A: Everything that's in the book took nine years of work. The numbers I just gave you took reading of the government data and the analyses of it that have been done by economists. But the fact that the super super-rich — the top 400 — have had a 40 percent reduction in their tax burden and that 28,000 people have as much income as the bottom 96 million, are the two biggest news items in the book.

Q: Are you practicing class warfare here — beating up on rich and trying to make friends among the poor?

A: You're more likely to find weapons of mass destruction in Iraq than a line in my book calling for higher taxes on anybody.

Q: What is your definition of a good tax system?

A: A good tax system flows from the economic order. It greases the wheels of commerce. It rewards strivers. It promotes widespread prosperity and savings. And promotes, as the Constitution says, "the general welfare."

Our tax system cuts across the economic order, disrupts commerce, destroys jobs, hurts families, discourages investments in education, because it was designed for a bygone era, when we had a national industrial wage economy. Now we live in an assets/services/global world.

Q: You're not saying the tax system should be used to redistribute wealth?

A: No, what I say in the book is that the tax system is a socialist redistribution system — up. I show how it literally takes money from the pockets of middle-class and upper-middle-class people — particularly those making $50,000 to $41 million a year — and funnels it to the super rich.

Q: Critics of our quote-unquote "progressive" tax system say that its complexity and its loopholes are there specifically to allow Congress to tinker with the tax code so that politicians can reward their friends and punish their enemies — and that any system controlled by politicians is almost bound to be gamed by the rich and powerful.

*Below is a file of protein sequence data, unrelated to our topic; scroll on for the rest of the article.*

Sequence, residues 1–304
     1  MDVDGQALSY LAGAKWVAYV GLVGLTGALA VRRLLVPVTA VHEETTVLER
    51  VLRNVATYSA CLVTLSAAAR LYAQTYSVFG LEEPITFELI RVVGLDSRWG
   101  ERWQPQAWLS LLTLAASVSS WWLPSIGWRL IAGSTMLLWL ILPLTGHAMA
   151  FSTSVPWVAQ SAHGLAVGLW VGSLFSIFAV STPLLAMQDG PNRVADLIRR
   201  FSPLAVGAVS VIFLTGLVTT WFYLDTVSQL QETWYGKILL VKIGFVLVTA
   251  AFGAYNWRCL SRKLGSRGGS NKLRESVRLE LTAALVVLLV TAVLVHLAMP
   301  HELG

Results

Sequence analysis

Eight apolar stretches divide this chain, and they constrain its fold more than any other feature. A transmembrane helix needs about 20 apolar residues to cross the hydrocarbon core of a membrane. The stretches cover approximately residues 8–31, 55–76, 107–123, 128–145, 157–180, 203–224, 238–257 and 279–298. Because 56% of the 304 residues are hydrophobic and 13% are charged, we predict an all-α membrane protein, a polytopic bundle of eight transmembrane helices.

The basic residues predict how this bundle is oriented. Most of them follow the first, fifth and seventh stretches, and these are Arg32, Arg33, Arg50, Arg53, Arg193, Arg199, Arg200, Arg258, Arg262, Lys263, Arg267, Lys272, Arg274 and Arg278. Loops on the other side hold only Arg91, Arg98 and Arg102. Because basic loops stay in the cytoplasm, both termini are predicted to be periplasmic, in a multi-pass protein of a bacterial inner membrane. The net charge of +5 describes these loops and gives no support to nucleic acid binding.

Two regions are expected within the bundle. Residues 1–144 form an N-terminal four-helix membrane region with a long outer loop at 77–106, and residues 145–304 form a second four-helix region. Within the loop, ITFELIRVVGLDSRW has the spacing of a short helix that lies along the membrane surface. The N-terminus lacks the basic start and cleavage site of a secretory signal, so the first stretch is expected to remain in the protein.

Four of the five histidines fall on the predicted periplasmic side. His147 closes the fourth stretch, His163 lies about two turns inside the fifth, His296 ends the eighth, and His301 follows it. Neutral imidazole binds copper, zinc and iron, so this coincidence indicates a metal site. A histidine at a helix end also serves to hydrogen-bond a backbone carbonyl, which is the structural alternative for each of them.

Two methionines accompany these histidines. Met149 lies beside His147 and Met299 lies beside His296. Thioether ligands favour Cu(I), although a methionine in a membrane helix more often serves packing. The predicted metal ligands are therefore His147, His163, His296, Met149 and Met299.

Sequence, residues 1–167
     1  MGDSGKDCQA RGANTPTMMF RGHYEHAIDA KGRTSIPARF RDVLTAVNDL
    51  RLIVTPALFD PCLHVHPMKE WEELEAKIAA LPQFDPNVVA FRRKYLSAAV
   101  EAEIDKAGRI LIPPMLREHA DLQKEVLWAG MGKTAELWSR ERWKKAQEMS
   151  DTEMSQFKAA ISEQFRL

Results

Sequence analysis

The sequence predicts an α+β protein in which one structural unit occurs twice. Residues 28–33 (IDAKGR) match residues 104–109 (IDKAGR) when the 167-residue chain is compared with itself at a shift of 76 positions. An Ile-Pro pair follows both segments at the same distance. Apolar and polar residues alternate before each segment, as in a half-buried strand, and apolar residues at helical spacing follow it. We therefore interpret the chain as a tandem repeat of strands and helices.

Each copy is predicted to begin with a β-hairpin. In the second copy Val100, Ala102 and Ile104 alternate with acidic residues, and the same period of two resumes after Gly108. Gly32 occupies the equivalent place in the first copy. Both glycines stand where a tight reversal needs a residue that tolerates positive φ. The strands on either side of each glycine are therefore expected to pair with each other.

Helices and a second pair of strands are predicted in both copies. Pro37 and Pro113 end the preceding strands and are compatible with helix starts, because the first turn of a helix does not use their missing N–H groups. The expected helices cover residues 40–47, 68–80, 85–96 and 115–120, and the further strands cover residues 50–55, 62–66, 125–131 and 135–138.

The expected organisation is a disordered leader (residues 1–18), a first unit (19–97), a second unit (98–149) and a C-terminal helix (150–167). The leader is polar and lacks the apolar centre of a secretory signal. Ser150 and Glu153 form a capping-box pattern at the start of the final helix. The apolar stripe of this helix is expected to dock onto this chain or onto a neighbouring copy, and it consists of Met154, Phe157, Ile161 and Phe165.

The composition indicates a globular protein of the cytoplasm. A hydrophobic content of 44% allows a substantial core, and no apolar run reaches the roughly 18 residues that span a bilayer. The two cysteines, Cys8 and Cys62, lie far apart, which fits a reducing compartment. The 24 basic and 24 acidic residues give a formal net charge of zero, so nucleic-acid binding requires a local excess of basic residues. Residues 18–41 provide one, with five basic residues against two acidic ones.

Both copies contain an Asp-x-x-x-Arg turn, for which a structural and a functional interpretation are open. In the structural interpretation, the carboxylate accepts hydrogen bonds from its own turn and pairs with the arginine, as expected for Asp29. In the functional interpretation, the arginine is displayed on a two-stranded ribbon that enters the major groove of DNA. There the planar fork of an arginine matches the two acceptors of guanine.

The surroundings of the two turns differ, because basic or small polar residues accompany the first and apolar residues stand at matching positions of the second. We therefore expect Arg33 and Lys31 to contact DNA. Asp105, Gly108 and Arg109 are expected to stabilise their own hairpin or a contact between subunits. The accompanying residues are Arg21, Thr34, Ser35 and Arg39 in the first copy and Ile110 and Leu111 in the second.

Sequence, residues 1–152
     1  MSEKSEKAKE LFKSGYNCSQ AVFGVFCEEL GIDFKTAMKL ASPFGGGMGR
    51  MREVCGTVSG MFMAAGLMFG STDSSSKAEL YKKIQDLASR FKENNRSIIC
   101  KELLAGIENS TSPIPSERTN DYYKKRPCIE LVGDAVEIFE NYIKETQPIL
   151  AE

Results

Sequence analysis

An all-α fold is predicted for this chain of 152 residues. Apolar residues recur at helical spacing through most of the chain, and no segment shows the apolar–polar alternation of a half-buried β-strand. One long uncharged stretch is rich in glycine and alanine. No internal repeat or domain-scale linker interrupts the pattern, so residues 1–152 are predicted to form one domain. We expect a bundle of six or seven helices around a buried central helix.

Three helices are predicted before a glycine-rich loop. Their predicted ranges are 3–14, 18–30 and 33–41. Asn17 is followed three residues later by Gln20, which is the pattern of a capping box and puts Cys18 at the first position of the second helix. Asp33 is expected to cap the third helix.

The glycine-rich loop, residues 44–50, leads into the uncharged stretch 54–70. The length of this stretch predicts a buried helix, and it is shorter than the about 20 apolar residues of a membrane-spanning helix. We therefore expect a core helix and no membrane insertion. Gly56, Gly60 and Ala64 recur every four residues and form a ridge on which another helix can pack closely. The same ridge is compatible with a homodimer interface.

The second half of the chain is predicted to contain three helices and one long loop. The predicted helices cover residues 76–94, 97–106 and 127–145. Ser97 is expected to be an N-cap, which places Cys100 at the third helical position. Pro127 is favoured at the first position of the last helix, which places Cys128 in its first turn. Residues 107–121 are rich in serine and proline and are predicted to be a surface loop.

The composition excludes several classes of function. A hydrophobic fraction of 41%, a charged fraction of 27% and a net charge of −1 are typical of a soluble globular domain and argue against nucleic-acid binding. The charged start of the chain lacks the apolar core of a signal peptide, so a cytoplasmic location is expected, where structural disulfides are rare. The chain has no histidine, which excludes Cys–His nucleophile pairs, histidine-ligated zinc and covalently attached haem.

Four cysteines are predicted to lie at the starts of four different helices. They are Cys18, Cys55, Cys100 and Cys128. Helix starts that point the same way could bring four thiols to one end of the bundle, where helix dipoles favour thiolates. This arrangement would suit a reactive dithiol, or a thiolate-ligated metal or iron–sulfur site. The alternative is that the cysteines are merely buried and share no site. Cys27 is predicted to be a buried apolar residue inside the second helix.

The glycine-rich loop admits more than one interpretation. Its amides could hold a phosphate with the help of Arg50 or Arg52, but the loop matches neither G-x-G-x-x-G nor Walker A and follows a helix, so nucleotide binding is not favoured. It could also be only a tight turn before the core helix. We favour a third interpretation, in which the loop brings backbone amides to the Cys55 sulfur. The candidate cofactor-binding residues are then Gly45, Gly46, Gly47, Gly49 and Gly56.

A: First of all, it's not a progressive system. It's a "bubble system," where the super rich pay a lower tax burden. That said, the rich and powerful in any democracy have more influence than anyone else, only when everyone else is busy worrying about who Jennifer Lopez is sleeping with and who Donald Trump is going to fire next, instead of engaging in the business of being citizens.

As tens of millions of Americans have withdrawn from politics, the power of the anti-tax among the political donor class has grown, because no one is pushing back. It's perfectly appropriate for very rich people to exercise their constitutional right to seek tax relief. The problem is, the middle class and the upper-middle class have stopped participating in a serious way in politics.

Q: Is your book an argument for a simple flat tax or a national sales tax, like the "Fair Tax"?

A: I don't recommend any tax. I do tell people that the flat tax and retail sales tax are not what they think they are. The flat tax grows out of a European socialist idea, and under it Steve Forbes would never pay taxes again for the rest of his life. Under a national retail sales tax, which an environmentalist would love, consumption would fall sharply. People would keep their cars until they had 400,000 miles on them. You have to keep receipts on everything you buy, because the tax police will be looking for black marketeers.

Q: So what is your solution to fixing the federal tax systems as it exists in all its glory and inequity now?

A: I don't have any magic solution. But what we are getting now is not tax reform. What we are getting now is a system that is tearing our country apart. And I don't ever want there to see a high school civics book that begins a chapter with the words, "The United States of America was ... ." That's what's going to happen if we don't fix our tax system.

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JWR contributor Bill Steigerwald is an associate editor and columnist at the Pittsburgh Tribune-Review. Comment by clicking here.

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© 2002, Bill Steigerwald